M Merleau-Ponty
Now I can make sense again - not in the sense of making reflective sense of my feelings (best leave that to the psychologist), but in the sense in which I, in my feelings, can now develop in them, and a merely immanent possibility of intelligible being - of relating with sense to a world - is back on the table as something more than immanent, as something which may now actually take shape and take up space. My ability to make sense is the same as my ability to move again, to unfold here and there,  to enact meaning in my self-becoming in the context of this and that relationship.

Freud's energic metaphors - which he somewhat psychotically did not recognise as such - capture well, I believe, the experience of defensive blockages on affective becoming. For when we cannot body forth with an affective intentionality, all that we may have left by way of expression is something denuded of intentionality. For example, a sense of pressure, of dampening, of physical symptoms (we cannot cry but perhaps even so water spills from our eyes.)


Monday, 3 April 2017

why defend?

I used to think that emotions which remained unconscious inevitably did so because to feel them is in itself too painful. The idea lies behind the common canard that 'people need their defences'. Anger or sadness or guilt are too much - in the sense that the pain they generate is too much, and the anxiety about feeling this pain is too much. Thus the defences which kick in and which stop us from feeling the emotions are defences against the intrinsic and anxiogenic pain of the emotions.

One of the clinical facts the standard view rather ignores is that it is often a relief to someone to have a defence lifted. You often see this in the clinic: sure, after the defence against sadness is relinquished, the patient feels sad, but yet he is not unhappy to be so, can bear it just fine, etc.  Frankly: it is a relief, and on being reacquainted with oneself thus it also feels healing and integrating. In truth I still believe that the standard view obtains when we meet with psychosis: reality is too painful and so the defences of delusion, mind-dismantling, and autistic retreats are indulged. But I've come to doubt its adequacy in many neurotic cases.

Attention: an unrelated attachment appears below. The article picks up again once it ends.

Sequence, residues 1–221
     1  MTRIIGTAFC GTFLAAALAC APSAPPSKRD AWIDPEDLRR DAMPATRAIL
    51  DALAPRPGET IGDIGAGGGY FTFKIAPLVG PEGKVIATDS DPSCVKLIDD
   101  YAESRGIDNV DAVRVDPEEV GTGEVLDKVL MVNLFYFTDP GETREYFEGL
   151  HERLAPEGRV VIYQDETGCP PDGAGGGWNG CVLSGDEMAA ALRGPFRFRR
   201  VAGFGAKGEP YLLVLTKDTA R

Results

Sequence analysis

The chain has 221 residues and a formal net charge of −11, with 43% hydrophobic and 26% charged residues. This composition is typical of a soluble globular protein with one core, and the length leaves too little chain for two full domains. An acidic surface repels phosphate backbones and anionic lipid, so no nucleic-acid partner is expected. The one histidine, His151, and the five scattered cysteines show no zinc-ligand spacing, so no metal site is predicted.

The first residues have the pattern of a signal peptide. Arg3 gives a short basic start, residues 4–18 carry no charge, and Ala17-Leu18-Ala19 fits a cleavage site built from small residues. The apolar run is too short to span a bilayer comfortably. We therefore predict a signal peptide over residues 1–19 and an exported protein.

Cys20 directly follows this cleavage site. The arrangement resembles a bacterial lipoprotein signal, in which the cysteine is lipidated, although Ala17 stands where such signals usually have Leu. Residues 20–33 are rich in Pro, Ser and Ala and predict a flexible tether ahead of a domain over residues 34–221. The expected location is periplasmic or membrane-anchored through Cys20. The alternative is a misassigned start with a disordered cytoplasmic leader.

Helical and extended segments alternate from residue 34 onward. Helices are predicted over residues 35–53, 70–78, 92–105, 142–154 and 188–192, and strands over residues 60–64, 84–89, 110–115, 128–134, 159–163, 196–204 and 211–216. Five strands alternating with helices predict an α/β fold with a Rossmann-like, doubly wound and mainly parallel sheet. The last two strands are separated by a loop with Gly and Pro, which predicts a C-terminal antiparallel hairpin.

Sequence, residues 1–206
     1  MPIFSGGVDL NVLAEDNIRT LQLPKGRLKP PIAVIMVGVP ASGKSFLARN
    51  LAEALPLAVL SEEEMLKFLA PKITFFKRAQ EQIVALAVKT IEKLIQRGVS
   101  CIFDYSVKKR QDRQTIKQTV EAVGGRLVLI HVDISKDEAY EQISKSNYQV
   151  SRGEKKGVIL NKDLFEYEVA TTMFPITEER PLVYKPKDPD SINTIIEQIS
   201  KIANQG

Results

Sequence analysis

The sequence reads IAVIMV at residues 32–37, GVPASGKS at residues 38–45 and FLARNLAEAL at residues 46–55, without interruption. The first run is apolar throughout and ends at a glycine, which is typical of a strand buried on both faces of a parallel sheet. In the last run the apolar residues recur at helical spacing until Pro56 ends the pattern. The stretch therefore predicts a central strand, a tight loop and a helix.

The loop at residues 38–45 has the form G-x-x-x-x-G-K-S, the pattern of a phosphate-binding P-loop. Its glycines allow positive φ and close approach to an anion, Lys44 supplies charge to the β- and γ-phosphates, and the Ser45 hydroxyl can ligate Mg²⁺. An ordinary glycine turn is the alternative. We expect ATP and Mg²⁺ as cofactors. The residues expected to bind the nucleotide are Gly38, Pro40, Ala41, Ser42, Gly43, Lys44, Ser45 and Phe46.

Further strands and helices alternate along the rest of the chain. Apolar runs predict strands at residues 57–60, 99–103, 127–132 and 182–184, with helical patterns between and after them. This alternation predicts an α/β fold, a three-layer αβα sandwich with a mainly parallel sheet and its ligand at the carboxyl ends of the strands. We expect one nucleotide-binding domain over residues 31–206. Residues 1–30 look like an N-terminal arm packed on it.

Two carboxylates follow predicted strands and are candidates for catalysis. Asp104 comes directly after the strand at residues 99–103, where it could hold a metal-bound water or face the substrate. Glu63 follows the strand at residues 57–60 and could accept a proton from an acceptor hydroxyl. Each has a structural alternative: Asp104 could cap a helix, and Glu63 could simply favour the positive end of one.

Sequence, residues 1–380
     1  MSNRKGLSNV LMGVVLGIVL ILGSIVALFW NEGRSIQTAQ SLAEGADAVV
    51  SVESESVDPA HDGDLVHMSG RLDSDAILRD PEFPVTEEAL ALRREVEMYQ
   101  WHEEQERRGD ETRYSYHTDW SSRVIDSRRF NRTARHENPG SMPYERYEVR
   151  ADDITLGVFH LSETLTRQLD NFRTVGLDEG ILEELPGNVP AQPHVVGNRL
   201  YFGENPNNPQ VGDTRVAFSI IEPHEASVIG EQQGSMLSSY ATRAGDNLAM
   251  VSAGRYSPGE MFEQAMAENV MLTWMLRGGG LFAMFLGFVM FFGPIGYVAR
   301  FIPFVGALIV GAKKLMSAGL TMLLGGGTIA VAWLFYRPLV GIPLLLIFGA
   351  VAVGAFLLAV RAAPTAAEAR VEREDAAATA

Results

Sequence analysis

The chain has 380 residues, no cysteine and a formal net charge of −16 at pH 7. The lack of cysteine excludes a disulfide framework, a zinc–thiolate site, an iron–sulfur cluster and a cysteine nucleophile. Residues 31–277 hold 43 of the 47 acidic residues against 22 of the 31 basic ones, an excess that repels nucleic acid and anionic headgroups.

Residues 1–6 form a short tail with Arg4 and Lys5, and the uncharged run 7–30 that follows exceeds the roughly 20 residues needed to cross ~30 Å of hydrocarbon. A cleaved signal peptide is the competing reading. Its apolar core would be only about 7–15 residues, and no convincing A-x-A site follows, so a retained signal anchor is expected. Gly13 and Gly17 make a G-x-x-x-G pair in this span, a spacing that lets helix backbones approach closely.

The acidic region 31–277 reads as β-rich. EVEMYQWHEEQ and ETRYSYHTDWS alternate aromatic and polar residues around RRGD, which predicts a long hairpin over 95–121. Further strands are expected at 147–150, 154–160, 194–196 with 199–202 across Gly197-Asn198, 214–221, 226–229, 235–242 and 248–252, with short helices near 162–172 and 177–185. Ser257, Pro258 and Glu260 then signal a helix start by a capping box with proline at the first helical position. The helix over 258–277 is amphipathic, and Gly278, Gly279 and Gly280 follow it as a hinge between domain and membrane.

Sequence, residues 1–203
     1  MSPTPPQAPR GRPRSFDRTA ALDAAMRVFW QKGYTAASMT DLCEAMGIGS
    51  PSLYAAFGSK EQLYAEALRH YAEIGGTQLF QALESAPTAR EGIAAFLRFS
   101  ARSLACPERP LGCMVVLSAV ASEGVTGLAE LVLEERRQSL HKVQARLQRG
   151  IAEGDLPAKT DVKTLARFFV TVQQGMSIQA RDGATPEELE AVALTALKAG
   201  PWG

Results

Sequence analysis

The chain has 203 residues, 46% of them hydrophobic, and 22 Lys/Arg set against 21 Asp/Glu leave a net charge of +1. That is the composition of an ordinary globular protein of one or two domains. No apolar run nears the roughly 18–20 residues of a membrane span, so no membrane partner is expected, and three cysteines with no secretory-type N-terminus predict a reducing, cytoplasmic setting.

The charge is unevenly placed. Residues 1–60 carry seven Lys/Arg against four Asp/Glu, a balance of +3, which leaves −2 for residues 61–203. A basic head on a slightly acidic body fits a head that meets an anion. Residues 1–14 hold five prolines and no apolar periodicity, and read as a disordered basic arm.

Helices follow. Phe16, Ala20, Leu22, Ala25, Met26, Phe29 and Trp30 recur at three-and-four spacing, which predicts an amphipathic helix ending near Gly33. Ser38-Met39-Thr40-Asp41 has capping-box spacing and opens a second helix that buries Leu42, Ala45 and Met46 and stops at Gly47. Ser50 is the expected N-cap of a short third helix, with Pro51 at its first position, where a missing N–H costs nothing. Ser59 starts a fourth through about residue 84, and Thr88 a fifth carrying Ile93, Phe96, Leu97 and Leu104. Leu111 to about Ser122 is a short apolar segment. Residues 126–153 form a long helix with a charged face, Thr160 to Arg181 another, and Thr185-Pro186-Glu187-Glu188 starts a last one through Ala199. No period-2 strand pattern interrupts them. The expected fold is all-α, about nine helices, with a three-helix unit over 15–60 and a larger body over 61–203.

What strikes me as true in neurotic cases is that the becoming, bodying-forth, of emotions is anxiogenic not because of the pain of the emotions but because of an expectation of oneself not being accepted in such emotions, or a feeling that even to oneself one is unacceptable for having such emotions. The anxiety, I am proposing, is essentially social. The anxiety is more often a matter of shame or guilt: I shouldn't be feeling this feeling. Or it's the fear of rejection and the complex nexus of resentment and trepidation and self-doubt and rage that is characteristically bundled up with that.

In the clinic the patient is enabled to body forth into this or that feeling because she gets an inkling of acceptance and understanding of herself in her feeling from her therapist.

Wednesday, 29 March 2017

making sense

Sometimes my experiences start to make sense. Now I can, after all, go on.

How easy it is to misconstrue this as 'Sometimes I start to make sense of my experiences'.

Already we're sunk. Already we've become narrative enquirers into our experiences. The sense that arises, now, within our experience is lost behind a philosophical story.

Sense is sometimes created - made - by experiences. They have an intelligible form - not in the sense that I am there making sense of them. No. I'm there making sense of the world. I am doing this, now, in my experiencing of it. This doing is my experiencing. 

'Now I see.'

Now my experiences make ( - create - ) sense.

The intelligibility of my experiences is not their intelligibility to me. Instead their form is one of the forms of intelligibility itself. The form this intelligibility takes is that of this particular experiential encounter.


speaking for my self

There are phrases we use to signal a change of game. Then some philosopher comes along and mistakes them for further moves in the same game. Et voila: metaphysics.

(Perhaps we didn't signal wildly enough. But then again, perhaps we really weren't expecting some philosopher to come blundering along.)

The topic of selfhood is a prime location for such reflective clumsiness. 

Thus often enough such 'self' talk is introduced to signal the absence of interpersonal relations. But then the philosopher thinks that what we are talking about is, say, the presence of reflexive relations.

For example: 

I live by myself. 
Speaking for myself. 
He's become more self-possessed.